Split Football Club Employs 33 Women Out of 85 Employees: Meet the Females of Hajduk

Daniela Rogulj

HNK Hajduk / Robert Matic

Did you know that Hajduk employs 85 people, and 33 of them are women? And no, they are not all in the kitchen.

It is no surprise that at many men’s football clubs, you can most likely count the number of women employees on a single hand, which used to be the scenario at beloved Split football club Hajduk – they had a secretary, some women working in administration, the kitchen and laundry, and that was it. Today, the situation is entirely different as Hajduk employs 85 people, and 33 of them are women! And no, they are not only working in the kitchen but hold some of the highly acclaimed management jobs at the club, reports 24 Sata on March 8, 2018. 

“I’ve been at Hajduk since 1995, and in the last 23 years, thousands of children and players have been through this kitchen. I do not remember their faces and names anymore, but when someone in the town calls me ‘Aunt Mladenka’, I know that they played as a child for Hajduk,” says Mrs. Mladenka Vrzić, who often acted as a mother to the children.

“Many children came from Slavonia, from Dubrovnik, Zadar… mostly when they went to the fifth grade. It was hard for them to be far from their families and they would cry, so they should be comforted, and spoken to.“

Although the kitchen cannot watch the games because they are cooking for the players and guests, they can readily recognize the results from the sounds of the stadium.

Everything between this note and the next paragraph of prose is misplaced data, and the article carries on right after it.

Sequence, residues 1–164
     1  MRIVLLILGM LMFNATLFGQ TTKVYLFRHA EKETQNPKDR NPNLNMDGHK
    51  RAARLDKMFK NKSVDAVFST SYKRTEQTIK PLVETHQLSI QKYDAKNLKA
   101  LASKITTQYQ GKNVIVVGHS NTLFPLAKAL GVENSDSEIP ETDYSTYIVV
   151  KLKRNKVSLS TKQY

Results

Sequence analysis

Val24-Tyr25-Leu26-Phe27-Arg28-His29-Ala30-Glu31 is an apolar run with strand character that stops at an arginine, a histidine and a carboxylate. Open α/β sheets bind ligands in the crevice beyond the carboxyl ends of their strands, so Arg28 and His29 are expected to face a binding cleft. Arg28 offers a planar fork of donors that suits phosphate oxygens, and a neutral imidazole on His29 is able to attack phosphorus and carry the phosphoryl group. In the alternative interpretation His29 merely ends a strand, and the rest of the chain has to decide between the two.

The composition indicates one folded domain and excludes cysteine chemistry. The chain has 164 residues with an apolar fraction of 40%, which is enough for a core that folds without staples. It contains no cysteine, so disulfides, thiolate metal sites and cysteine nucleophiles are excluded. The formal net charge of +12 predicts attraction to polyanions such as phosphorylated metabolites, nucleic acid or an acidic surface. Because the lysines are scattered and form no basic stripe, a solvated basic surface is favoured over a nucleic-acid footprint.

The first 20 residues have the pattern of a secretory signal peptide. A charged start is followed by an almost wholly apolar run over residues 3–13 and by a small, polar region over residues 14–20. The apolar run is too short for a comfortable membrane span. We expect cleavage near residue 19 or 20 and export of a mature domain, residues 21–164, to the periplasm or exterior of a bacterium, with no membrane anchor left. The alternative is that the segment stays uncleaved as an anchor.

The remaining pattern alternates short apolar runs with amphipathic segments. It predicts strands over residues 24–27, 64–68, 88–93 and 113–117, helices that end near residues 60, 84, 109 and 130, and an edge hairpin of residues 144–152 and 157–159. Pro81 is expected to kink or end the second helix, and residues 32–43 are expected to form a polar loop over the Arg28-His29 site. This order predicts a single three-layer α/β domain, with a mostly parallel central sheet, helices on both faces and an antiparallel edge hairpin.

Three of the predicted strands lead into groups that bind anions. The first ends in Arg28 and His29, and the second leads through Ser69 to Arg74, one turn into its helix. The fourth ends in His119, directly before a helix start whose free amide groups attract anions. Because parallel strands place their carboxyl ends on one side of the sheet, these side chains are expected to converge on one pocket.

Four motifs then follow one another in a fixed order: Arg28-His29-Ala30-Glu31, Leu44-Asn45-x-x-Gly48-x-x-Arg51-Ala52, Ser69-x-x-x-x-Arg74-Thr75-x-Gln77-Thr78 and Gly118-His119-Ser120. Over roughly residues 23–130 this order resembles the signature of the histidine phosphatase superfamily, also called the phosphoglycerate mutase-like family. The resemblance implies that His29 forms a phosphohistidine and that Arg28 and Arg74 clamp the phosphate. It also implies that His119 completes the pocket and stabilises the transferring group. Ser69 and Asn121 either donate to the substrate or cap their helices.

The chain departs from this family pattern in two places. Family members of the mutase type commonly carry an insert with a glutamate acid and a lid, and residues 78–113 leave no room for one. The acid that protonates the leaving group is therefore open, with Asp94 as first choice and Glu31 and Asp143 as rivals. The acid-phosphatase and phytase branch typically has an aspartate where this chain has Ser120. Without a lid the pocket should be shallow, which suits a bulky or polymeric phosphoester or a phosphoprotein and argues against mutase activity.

“If it’s thundering from the stadium, we know that it’s good and that we are winning. If it is peaceful and quiet, that means they are losing – but if it is a win, then they do not stop talking and joking. Even during lunch before the match, I can tell if they will be good or not that day.”


HNK Hajduk/Robert Matic 

Vrzić said that she is retiring in two years, and has only one wish.

“I would like to retire with the championship title. I remember many parties, and somehow I was in the heart of the 2001 championship title when we waited for the team to come back from Varaždin. It was a party I’ll remember forever, full of stadium guests…“

Unlike Mladenka, Petra Nosić came to Hajduk a year ago. She says she applied because she loves Hajduk, and is also interested in sports teaching.

“My entire family loves Hajduk, and my father used to take me to the matches. The first time was for the European game against Inter. And since then I came to games regularly,” said Petra, who works with the children from the Academy.


HNK Hajduk/Robert Matic 

“The job is quite different from what I did at school. We started from scratch, set up a new system, work mode, compiled a database with all players’ records, we visit schools, track grades… And we do that for 11 categories of children, who we also regularly organize workshops for. Hajduk is a football club, but the Academy dedicates a lot of attention to the developmental segment of children and their human qualities. We do not just think about tomorrow or the day after tomorrow, but about what kind of children they will grow up to be.”

And if there are a lot of women working at Poljud, Petra doesn’t notice it.

“I do not see if anyone is male or female, just if they are doing their job. I’m personally tied mostly to my colleagues, but it’s nice that there are plenty of women in the club. We also go to the games together, the kids and the club’s staff mostly sit together in the stands.”

One of the faces Hajduk fans are most likely to encounter is Helena Ramljak, who has worked at the Hajduk Fan Shop for five years.